With Lucire Men, also entirely PHP, you have to get to page 5 and result no. 43 before you encounter the first article; the first 42 are tag pages or other forms of contents’ pages. Nos. 44, 45 and 46 are also articles. Then it’s back to the indices before page 6 shows all articles.

Individual dynamic pages or posts—those generated by Wordpress, for instance—now appear to be far too difficult for Google to handle. If your site uses Wordpress, expect Google to have difficulty with it now; it certainly answers why this blog’s visits have fallen so badly if Google no longer shows posts up top in a site: search. It means it doesn’t really rate them, so how on earth would I expect them to show up in a search for the topics being covered?

It’s pretty disappointing to see Google search fall so quickly in such a short space of time.
Of course there are exceptions, and Google seems to do reasonably well on a search. That site, run on Mediawiki, is all PHP as well, and the results are today as I recall them ages ago. The ones up top have been pretty popular—certainly they are for models that are among the top pages on the site. And that’s how Google should behave. Goodness knows why it can’t handle Wordpress properly any more.

The only oddity here is that Google estimates it has 2,960 results. Mojeek, the search engine whose spider works properly and delivers results as expected, has 3,277. It’s probably the first site I’ve observed where Mojeek has more pages indexed than Google. Is it the beginning of the shift where Mojeek has a larger and more relevant index than Google?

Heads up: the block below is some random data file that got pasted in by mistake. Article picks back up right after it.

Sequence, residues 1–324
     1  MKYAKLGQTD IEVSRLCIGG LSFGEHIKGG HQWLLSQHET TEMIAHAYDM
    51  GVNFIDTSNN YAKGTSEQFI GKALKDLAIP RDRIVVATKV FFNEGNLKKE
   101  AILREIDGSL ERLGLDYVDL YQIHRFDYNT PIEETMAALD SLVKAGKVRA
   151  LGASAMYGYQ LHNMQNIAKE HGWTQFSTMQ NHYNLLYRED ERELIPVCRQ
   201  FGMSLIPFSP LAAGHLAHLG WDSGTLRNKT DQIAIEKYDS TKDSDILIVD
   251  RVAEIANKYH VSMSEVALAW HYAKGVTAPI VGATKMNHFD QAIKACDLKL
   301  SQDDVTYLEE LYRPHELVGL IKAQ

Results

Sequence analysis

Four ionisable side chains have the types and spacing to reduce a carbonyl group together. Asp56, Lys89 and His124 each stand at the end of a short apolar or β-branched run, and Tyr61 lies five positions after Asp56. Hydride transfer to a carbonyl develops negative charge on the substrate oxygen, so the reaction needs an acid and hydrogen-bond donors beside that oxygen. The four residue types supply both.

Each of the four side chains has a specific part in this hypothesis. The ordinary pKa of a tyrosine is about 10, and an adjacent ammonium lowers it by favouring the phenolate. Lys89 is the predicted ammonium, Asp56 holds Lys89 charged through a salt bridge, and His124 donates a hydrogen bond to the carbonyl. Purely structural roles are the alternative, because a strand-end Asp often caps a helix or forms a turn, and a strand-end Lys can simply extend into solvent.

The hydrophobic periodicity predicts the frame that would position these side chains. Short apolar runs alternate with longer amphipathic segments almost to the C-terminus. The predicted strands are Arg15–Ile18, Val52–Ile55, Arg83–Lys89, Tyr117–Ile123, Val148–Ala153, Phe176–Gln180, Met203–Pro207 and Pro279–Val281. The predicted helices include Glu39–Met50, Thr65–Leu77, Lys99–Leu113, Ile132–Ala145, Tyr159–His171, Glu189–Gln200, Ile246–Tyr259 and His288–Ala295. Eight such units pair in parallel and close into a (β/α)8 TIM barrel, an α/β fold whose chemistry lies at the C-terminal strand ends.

PS., 9.42 p.m. UTC: Sure enough, it’s not just us. Quartz is pretty famous, and they’re run off Wordpress exclusively. Most of their top pages for are tag and author ones, too, though their first article, one which I couldn’t imagine would be their top story, appears as result no. 5. Quartz gets a ton of traffic, but Google can’t do right by them, either.

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Why paywalls are getting more prevalent; and The Guardian Weekly rethought


Megan McArdle’s excellent op–ed in The Washington Post, ‘A farewell to free journalism’, has been bookmarked on my phone for months. It’s a very good summary of where things are for digital media, and how the advent of Google and Facebook along with the democratization of the internet have reduced online advertising income to a pittance. There’s native advertising, of course, which Lucire and Lucire Men indulged in for a few years in the 2010s, and I remain a fan of it in terms of what it paid, but McArdle’s piece is a stark reminder of the real world: there ain’t enough of it to keep every newsroom funded.